What Does The SpaceX Falcon 9 Explosion Mean For The Space Industry?

A Falcon 9 rocket exploded on its launch pad this week destroying a $200 million satellite, but the ripple affects might be felt through the entire space industry.

The SpaceX Falcon 9 rocket explosion occurred during a static fire pre-launch test at Cape Canaveral Air Force Station for unknown reasons destroying its Amos-6 satellite payload.

An anomaly in the rocket’s second stage, which uses kerosene and liquid oxygen as fuel, sparked a massive fireball that consumed the Falcon 9 rocket.

SpaceX CEO Elon Musk was quick to point out the explosion was actually a “fast fire not an explosion,” but whatever it’s called the result is the same: the destruction of a $62 million rocket.

As news of the Falcon 9 explosion broke, the stock value of Elon Musk’s company’s Tesla and SolarCity plummeted a combined $390 million, according to the Daily Mail.

Mark Zuckerberg’s Facebook was also affected when the $200 million Amos-6 satellite was destroyed as the company was planning to use it to provide free internet access to 14 countries in Africa and the Middle East, reports the New Yorker.

“I’m deeply disappointed to hear that SpaceX’s launch failure destroyed our satellite that would have provided connectivity to so many entrepreneurs and everyone else across the continent.”

There will now be an investigation into the cause of the explosion, fast fire, involving the U.S. Air Force and any extended downtime means delays for the other eight Falcon 9 launches planned for this year.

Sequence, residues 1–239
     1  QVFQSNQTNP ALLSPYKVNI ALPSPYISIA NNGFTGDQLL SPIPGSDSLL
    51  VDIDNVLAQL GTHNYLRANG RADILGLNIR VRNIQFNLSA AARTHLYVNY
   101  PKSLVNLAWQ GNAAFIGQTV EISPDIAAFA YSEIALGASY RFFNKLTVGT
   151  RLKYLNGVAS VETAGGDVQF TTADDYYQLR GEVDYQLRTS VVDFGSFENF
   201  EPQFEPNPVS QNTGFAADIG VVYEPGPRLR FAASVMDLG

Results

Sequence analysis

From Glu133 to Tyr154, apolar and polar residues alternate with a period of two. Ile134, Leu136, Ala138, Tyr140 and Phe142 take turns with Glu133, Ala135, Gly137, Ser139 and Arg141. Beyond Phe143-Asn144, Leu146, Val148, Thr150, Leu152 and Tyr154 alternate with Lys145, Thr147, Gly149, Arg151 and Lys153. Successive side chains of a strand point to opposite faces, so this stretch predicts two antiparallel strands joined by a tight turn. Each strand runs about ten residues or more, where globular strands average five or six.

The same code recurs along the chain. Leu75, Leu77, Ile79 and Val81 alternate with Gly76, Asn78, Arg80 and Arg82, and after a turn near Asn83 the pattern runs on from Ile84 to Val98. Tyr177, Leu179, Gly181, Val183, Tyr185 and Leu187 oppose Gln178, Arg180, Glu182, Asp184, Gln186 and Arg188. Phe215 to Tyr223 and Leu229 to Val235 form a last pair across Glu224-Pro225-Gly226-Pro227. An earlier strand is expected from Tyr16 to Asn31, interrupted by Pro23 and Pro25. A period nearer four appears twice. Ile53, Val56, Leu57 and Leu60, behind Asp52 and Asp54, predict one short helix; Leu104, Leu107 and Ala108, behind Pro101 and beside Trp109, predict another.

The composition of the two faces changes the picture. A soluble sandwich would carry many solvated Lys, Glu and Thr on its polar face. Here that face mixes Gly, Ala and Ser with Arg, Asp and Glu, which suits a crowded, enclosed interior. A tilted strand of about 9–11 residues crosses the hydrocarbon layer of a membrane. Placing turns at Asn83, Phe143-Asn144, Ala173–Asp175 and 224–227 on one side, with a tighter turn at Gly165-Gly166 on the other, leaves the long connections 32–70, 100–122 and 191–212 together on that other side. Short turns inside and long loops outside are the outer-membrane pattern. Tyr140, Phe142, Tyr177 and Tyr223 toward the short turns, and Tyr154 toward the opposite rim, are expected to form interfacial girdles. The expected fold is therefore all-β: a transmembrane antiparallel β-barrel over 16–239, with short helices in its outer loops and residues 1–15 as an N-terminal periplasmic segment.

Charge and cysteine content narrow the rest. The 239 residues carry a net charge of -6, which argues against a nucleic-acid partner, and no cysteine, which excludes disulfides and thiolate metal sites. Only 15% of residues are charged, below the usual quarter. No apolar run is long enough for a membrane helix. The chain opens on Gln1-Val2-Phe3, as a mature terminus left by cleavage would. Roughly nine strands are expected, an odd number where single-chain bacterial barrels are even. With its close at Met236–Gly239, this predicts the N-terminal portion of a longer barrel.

[SpaceX Falcon 9 rocket photo by NASA via Getty Images]
Although there was no government cargo onboard the rocket when it exploded, the Air Force regularly relies on SpaceX to launch its military and national security satellites into orbit, as Lt. Gen. Samuel Greaves told SpaceNews.

“The U.S. Air Force will continue working with SpaceX to ensure confidence in the safe and reliable launch of critical national security space satellites.”

NASA also relies heavily on SpaceX, the company has been contracted to carry astronauts and cargo on resupply missions to the International Space Station. One such rocket exploded in June of last year 139 seconds into its flight.

The investigation into the cause of the explosion will affect an ISS resupply mission planned for November. The resupply complication adds to NASA’s trouble as the space agency is already dealing with delays in a Orbital ATK Cygnus spacecraft launch and Japanese H-2 Transfer Vehicle spacecraft delay, according to SpaceNews.

The destruction of the Falcon 9 rocket will affect more than just the government agencies, however, there’s a long list of private companies that were planning to use Space X rockets to get their satellites into orbit.

The destruction of the Amos-6 satellite could jeopardize the acquisition of Spacecom by Chinese conglomerate Beijing Xinwei Technology Group.

The delay during the investigation will also affect Iridium, a Virginia communications company, which contracted Space X to launch the first 10 satellites of its new telecommunications network.

[Falcon 9 rocket test launch photo by Matt Stroshane/Getty Images]
Also affected is Luxembourg based SES, a global satellite services provider; EchoStar, KT Corp. of South Korea, and Taiwan’s National Space Program Office. The Space X rocket ride sharing program means Spaceflight’s Sherpa secondary payload carrying an amazing 90 small satellites will also be delayed.

For Space X itself, the affects of the explosion are less clear. The company was planning to test fly an uncrewed Dragon capsule next year along with a crewed test flight to the ISS later in the year. Those test flights will probably be delayed as will Musk’s plans to colonize Mars.

The Falcon 9 explosion has also launched a series of conspiracy theories after video of the scene appeared to show a strange object flying overhead directly before the rocket was destroyed.

What do you think about the explosion of the Falcon 9 rocket and its affect on Space X?

[AP Photo/Marcia Dunn]

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